Friday, November 16, 2007

Shilling for some great band and a great group of guys

So, if this is my essay on why you should go see The High Strung play.

Things that make a great band that I will go see all the time: Awesome music, awesome performance, awesome people.

And today I'm here to admit that I'm a sucker for a nice band. Good music, yes, good performance, also good, but a big key to a great live performance for me is that you feel like the band wants you to be there enjoying the music as well. I'm not saying audience members are entitled to something, but it is about atmosphere and the fact that live performances are an experience. That's why I love when it's visible and palpable that a band is having a good time. Who wants to be around people who always seem miserable about everything? It's the same thing with bands. If they can't get happy and enthusiastic about what they're doing, why should you? And sure, it's just an added plus when it feels like they want people to be there and share the experience with you. And it doesn't have to be all happy good times. Even if it's a spectacularly melancholy mood, you can tell when a performer is keyed into what they're doing and are passionate about it. All the reasons for why I love good stage banter, or something as random as drumface or guitarface.

Anyhow, my story about The High Strung. Most people I know know this story because it's come up before when I've discussed live shows and how even the little things can matter when it comes to first impressions.

It was about...4-5 years ago in Chicago. I had bought my ticket to see The Weakerthans at Logan Square Auditorium. I had never been to this venue before, but the directions I got online made it seem like a piece of cake. "Just across the street from the Logan Square L stop!" the site proclaimed.

While not entirely incorrect, it wasn't entirely correct either. When I made my exit from the stop, there were actually four different possible directions I could go "just across the street." This was exacerbated by the fact that Logan Square Auditorium's exterior is slightly tucked away. There wasn't a large marquee or even storefront to tell you, "Hey! Venue here!" It was an intriguing outfit, where it was one of those old-school buildings you'd see where a private eye would have an office. You'd go up a narrow flight of stairs and the hallways would be dotted with frosted glass doors that showed who owned that space and did what in it. Before entering the venue, waiting out in the hall, I noticed one of those offices belonged to a dentist. The venue space itself was kind of huge, which makes me think it used to be a dance hall/studio. I could see the hardwood floors would've come from such a previous incarnation. Of course it could just be they knocked out a bunch of walls on that top level or something, but it's such an old building and it maintained so much of that old-school appeal, I kind of find that hard to believe. Or I guess, I didn't want to believe it.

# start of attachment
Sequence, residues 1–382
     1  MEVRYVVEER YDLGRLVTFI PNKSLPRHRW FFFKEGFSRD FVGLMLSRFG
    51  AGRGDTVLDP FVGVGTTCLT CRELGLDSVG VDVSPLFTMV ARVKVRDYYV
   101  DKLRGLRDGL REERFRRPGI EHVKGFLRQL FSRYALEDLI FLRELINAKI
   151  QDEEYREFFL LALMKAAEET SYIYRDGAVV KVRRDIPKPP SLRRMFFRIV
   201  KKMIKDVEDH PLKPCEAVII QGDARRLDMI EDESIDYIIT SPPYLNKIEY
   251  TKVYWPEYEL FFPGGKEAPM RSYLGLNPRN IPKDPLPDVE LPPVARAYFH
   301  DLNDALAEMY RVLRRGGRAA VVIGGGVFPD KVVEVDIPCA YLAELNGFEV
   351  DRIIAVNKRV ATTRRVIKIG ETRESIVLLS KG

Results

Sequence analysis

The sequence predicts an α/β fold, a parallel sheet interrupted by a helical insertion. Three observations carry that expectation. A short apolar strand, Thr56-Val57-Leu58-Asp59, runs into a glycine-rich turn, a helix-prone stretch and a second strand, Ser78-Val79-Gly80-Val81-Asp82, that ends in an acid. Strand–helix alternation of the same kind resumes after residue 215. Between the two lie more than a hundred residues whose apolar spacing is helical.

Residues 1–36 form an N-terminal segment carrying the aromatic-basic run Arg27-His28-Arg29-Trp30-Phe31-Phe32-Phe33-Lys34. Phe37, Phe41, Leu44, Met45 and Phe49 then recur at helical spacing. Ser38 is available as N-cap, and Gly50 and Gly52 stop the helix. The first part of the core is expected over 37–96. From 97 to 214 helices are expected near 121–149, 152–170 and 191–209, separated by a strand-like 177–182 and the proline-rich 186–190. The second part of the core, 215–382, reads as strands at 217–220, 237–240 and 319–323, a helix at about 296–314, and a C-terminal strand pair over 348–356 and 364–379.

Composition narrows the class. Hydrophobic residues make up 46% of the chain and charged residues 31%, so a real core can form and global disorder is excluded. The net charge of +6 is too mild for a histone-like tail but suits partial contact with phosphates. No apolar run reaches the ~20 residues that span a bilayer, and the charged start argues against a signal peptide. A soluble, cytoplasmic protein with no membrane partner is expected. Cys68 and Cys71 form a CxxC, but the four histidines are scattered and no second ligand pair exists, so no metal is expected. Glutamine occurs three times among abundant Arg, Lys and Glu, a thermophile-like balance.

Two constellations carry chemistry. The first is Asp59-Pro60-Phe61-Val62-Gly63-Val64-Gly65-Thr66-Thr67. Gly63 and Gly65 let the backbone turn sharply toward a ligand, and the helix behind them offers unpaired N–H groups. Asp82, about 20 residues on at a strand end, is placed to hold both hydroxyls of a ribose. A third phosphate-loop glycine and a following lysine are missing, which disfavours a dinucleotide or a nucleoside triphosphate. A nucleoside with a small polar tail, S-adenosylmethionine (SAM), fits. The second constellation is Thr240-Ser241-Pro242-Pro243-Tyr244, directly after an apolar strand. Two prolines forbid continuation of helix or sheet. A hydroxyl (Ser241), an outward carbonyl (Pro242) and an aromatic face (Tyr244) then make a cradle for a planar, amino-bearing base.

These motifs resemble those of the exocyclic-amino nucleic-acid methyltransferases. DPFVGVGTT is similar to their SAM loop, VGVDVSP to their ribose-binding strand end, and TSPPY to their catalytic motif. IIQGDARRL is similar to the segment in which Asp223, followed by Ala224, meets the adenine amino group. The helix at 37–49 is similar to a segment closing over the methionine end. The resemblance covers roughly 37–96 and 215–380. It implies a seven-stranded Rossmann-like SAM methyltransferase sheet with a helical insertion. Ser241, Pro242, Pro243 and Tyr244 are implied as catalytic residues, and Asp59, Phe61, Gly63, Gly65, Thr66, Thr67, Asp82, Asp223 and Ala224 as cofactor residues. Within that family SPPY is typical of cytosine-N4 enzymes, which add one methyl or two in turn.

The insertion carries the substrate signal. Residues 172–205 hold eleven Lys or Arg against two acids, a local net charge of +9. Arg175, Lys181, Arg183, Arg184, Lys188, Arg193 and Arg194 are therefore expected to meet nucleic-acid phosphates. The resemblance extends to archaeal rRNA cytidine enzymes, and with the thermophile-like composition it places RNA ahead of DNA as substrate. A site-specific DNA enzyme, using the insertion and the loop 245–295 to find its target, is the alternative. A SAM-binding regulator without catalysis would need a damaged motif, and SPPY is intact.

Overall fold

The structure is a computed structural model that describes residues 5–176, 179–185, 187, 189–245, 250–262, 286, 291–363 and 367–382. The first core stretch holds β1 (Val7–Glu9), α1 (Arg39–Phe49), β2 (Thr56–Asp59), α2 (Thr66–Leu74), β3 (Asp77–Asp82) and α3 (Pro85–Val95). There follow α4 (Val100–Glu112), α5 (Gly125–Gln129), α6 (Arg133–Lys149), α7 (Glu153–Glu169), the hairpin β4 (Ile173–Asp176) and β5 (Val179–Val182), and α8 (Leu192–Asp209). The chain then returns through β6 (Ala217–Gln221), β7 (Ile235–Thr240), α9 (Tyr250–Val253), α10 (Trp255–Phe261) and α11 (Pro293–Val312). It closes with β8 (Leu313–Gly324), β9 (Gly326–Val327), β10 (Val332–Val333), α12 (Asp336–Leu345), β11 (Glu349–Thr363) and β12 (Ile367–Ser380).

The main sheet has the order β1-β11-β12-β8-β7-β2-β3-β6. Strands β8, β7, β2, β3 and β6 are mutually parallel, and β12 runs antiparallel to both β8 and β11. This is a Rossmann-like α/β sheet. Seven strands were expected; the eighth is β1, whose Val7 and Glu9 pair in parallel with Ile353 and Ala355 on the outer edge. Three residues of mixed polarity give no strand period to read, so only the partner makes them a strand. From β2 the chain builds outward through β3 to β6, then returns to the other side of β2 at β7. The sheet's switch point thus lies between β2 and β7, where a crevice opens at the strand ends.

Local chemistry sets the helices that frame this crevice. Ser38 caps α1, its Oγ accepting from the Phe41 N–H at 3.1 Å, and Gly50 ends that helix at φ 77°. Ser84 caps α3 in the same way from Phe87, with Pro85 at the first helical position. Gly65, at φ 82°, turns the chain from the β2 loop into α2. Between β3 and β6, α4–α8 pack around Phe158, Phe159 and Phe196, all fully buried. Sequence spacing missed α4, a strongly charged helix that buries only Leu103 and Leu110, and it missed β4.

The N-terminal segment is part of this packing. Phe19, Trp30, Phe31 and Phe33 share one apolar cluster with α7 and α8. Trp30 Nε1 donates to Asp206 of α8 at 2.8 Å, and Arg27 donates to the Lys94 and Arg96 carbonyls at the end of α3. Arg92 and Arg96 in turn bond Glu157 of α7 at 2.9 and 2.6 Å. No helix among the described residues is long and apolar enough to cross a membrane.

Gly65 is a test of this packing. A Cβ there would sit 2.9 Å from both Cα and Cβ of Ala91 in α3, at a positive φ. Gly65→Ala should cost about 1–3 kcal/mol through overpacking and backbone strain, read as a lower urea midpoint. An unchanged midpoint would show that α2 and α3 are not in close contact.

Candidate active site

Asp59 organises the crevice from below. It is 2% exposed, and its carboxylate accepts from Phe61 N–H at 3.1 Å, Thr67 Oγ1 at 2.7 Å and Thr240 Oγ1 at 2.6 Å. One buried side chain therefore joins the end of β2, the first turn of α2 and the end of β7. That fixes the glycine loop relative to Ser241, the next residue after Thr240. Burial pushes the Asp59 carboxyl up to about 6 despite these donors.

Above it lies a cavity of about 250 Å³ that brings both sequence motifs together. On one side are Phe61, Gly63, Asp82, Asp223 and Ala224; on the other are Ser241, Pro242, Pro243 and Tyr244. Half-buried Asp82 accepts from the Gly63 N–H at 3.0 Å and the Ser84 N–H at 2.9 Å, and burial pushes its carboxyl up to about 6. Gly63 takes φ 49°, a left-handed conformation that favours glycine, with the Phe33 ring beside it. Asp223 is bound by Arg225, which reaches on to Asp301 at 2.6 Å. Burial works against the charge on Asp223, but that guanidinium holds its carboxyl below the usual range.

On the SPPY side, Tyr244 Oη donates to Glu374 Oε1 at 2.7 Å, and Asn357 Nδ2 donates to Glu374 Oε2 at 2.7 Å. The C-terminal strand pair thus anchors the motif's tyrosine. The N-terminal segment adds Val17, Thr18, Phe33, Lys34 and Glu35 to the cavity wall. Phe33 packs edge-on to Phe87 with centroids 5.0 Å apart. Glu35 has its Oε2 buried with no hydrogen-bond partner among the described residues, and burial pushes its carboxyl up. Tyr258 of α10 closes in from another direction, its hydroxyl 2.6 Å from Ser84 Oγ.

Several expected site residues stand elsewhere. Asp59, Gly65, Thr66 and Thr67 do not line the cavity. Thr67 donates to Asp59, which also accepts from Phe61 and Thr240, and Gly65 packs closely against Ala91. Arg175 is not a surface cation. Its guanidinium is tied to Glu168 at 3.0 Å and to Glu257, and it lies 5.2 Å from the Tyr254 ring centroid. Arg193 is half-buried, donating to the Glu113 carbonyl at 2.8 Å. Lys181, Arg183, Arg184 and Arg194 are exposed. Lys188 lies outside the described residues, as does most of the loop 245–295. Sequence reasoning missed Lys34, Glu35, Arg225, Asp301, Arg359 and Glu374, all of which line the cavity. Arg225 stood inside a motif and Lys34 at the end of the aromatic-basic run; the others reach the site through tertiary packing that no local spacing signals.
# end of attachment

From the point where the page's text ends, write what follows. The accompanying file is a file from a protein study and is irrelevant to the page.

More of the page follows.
Anyhow, that's not the point of the story, let's rewind back to me sort of standing around trying to figure out my next move. I could've picked a direction and just walked, but like an idiot, I didn't write down the number/address of the place I was looking for, and with four different directions I was trying to figure out the smartest way to tackle this problem rather than to walk down several paths. Then, at a distance, I spotted my way out. A group of guys were approaching and my first thought was, "They look like guys who might know where a venue is."

An unfortunate case of profiling, but come on. I was lost and I needed help. I just figured maybe they were going to the show too or something. I flagged them down and asked if they knew where Logan Square Auditorium was.

Long story short, the group of guys I ran into was The High Strung, who were playing with The Weakerthans that evening, and Josh was nice enough to give me directions. As I scampered off into the correct direction I thought to myself, "Wow, those guys were nice."

Of course it also helped a lot that they indeed rocked my face off when I saw them play a short while after that, but they're OK guys in my book for helping out an embarassed bundle of college girl nerves who had funny colored hair and who was dressed a little like a homeless Vietnam War vet. They probably don't even remember that happening, but that is my story on why they are awesome. They played a great set, but that niceness was the little extra something to make me loyal. To this day, I remember that story and I go see them whenever I can.

Right now, they are touring with The Teeth, also an excellent band, I've seen them play before and I heartily approve. If you have awesome shoes, one of the guys from The Teeth might trade with you. It's happened before. Besides the possibility of getting new (well, maybe not new new, but definitely new to your feet) kicks, they make fun music.

You should go see The High Strung play because they are awesome, and they are nice. I mean, I'm not super best friends with them or something like that, but at least that's the impression I got from my brief encounters. But, don't take my word for it (insert 'Reading Rainbow' "Duh-nuh NUH!" sound effect here). Go to a show, don't be scared, say "hi," and damn it, buy them a drink. They put on a great show and They make interesting and good music. They've got good chemistry, and they should considering how much time they spend on the road together (another positive point for them: dedication). Josh will give you directions if you're lost, Derek's stage banter will make you laugh and Chad is the band's resident bass god (A GOD I tell you). At the very least, you will have fun.


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